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Will there be a child abuse 'super inquiry'?
Ministers warned that allegations are the 'tip of the iceberg'
Home Secretary Theresa May announced National Crime Agency investigation into abuse in North Wales children's home in the 1970s and 80s
She also suggested the Government may launch a wider inquiry into claims senior Tories were involved
Ex-resident at Bryn Estyn children's home claims Thatcher aide abused boys
A single wide-ranging judicial inquiry into ‘absolutely horrific’ evidence of systematic child abuse by figures of authority over several decades looked increasingly likely last night.
There were growing cross-party calls for an over-arching investigation as the number of separate probes into allegations of paedophilia at the BBC, care homes and in Whitehall reached double figures.
Home Secretary Theresa May told MPs that the National Crime Agency (NCA) is to mount an investigation into alleged abuse in North Wales in the 1970s and 1980s amid claims that a senior Tory of the day was among the perpetrators.
But she suggested that a single, wider probe was being considered by the Government once initial police inquiries are concluded.
‘I think what is absolutely horrific, frankly, is the extent to which this child abuse has been taking place over the years and across our communities over the years,’ the Home Secretary said.
David Cameron, speaking on a trip to the Middle East, also opened the door to a broader judicial inquiry into the tide of historic child sex abuse allegations which began with revelations about Jimmy Savile’s paedophile activities at the BBC.
‘Let’s find out as quickly as possible whether we have a problem here. If we have a problem here then we have to take further steps,’ the Prime Minister said.
‘I don’t rule out further inquiries, further investigations, further ways of learning lessons because clearly we’ve discovered some appalling things in recent days, particularly on the Jimmy Savile front.’
On top of the Savile scandal – which has dragged in the NHS and the police – there are increasingly wild allegations of an establishment paedophile ring involving members of the Thatcher government.
NCA director general Keith Bristow will review the original police handling of complaints of a paedophile ring abusing children in care homes in North Wales, and examine the latest claims by an alleged victim.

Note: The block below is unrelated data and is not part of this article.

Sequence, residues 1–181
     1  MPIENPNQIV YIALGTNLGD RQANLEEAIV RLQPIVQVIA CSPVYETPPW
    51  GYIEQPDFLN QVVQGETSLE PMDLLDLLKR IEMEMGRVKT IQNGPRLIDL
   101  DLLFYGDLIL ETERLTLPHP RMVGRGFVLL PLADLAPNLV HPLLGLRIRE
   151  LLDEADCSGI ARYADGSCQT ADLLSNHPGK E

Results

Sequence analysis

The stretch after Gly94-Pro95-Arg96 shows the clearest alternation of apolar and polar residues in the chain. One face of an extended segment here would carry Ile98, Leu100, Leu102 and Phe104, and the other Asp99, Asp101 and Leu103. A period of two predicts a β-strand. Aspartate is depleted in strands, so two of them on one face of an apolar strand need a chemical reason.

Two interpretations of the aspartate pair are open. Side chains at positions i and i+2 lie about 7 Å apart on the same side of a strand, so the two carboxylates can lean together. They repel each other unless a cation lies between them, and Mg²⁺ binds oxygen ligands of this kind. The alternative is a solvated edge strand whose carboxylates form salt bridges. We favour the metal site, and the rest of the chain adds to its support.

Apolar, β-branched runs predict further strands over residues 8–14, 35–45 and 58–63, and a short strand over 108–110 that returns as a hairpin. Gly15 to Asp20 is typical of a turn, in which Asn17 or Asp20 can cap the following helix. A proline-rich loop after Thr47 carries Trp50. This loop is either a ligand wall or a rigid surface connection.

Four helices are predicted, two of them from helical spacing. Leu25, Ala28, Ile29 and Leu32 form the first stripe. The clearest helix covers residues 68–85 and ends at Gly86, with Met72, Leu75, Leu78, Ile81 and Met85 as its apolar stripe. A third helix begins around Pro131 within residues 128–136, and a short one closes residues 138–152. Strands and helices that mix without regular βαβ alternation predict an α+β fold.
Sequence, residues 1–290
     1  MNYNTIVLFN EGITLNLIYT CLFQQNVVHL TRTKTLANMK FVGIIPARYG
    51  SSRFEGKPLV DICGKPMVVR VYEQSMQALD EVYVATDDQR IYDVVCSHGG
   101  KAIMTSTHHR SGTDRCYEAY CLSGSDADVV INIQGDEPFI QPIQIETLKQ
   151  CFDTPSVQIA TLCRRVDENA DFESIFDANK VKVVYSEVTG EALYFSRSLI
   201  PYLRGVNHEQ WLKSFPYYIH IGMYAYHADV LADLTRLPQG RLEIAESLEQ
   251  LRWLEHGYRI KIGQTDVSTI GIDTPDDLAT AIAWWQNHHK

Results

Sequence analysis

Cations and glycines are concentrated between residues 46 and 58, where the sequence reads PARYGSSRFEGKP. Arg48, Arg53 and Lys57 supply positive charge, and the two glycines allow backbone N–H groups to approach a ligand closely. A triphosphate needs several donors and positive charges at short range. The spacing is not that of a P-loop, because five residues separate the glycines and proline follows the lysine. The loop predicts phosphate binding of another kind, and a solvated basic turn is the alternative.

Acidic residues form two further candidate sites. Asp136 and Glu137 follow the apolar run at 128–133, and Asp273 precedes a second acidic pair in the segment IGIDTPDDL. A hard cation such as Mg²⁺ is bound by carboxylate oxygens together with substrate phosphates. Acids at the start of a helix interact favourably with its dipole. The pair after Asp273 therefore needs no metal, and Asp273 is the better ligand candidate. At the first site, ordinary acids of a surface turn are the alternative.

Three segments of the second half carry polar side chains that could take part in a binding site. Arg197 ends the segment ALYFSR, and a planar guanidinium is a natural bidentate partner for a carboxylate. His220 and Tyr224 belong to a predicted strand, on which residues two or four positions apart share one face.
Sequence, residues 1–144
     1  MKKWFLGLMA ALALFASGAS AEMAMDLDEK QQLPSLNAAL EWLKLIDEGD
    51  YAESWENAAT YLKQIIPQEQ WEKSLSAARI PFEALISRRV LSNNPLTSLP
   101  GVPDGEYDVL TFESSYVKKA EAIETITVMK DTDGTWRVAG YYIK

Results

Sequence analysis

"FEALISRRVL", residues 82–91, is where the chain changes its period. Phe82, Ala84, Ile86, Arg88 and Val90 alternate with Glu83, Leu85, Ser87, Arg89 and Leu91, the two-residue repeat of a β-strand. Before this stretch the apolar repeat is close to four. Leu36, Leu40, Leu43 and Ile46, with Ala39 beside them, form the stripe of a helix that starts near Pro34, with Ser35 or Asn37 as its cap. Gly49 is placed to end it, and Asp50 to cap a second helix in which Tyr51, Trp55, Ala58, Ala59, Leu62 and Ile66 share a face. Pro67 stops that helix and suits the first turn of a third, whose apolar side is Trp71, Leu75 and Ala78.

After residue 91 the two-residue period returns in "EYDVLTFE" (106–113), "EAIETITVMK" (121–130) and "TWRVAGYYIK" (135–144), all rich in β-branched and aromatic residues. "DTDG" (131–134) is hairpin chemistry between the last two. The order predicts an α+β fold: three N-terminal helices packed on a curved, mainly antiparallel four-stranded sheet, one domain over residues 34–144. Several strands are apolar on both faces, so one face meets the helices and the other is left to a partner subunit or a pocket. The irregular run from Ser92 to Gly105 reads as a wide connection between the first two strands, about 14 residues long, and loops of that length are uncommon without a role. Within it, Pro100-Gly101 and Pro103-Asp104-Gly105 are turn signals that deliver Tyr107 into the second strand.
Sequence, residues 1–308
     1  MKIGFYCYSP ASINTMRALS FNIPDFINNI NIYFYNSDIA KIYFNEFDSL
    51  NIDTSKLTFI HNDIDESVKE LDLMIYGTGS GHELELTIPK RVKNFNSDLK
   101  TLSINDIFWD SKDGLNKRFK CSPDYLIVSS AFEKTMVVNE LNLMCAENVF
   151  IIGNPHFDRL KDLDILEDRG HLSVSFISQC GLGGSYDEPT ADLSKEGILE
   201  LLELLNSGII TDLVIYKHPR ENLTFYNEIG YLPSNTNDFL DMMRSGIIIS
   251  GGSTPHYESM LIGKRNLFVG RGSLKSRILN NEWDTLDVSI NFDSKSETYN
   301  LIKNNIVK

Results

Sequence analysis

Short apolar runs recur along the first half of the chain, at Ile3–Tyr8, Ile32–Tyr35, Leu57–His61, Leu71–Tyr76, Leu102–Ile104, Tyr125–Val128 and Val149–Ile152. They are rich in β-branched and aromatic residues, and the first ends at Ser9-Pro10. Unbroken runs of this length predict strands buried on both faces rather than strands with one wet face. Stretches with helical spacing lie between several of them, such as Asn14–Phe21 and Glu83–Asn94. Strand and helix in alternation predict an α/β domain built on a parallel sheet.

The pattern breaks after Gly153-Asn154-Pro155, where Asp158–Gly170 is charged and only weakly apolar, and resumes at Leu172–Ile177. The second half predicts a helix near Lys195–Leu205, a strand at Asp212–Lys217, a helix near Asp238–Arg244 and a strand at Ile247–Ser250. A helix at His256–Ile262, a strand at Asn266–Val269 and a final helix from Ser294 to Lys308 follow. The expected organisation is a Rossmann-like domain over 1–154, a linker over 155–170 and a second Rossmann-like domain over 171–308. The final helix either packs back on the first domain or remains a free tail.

Separately, High Court judge Mrs Justice Julia Wendy Macur is to lead a review of the Waterhouse Inquiry, an inquiry set up by the then Welsh Secretary William Hague, into allegations of child abuse at North Wales care homes.
‘The Government is treating these allegations with the utmost seriousness,’ Mrs May said.
‘Child abuse is a hateful, abhorrent and disgusting crime and we must not allow these allegations to go unanswered.’
Former Conservative children’s minister Tim Loughton said the Prime Minister had acted ‘commendably swiftly’ but there were now so many inquiries into child abuse, there was a serious danger of not being able to see ‘the wood for the trees’.
He called for one, over-arching investigation, adding: ‘This is just getting going, this is the tip of the iceberg, this is going to get bigger and it’s going to go into other areas.
‘We’re getting an inquiry a week. There are now victims out there whose voices are only beginning to be heard.
'I think we have just got to have one over-arching, robust inquiry led by a high-level figure.’
Labour’s deputy chairman Tom Watson, who last month claimed there was ‘clear intelligence’ suggesting a historic paedophile ring may be linked to Downing Street, criticised the Government’s response.
He said: ‘The lesson of Hillsborough and hacking is that a narrowed-down investigation is the basic building block of a cover-up.
‘To limit this inquiry to North Wales and Savile would, in my view, be a dereliction of the Home Secretary’s duty.’
In a direct attack on Mrs May, which drew cries of protest from the Conservative benches, he asked: ‘Does she sincerely want to start making amends or can she live with being what she has just announced: the next stage of a cover-up.’
n?The child protection system in England is failing vulnerable teenagers and is in urgent need of review, MPs warn today.
The Commons Education Committee said that while local authorities had a duty to safeguard all children up to the age of 18, too often the needs of older youngsters were not met.
It said its inquiry uncovered a ‘worrying picture’ of the protection and support available to children aged 14 to 18.
A change would be in the best interests of children.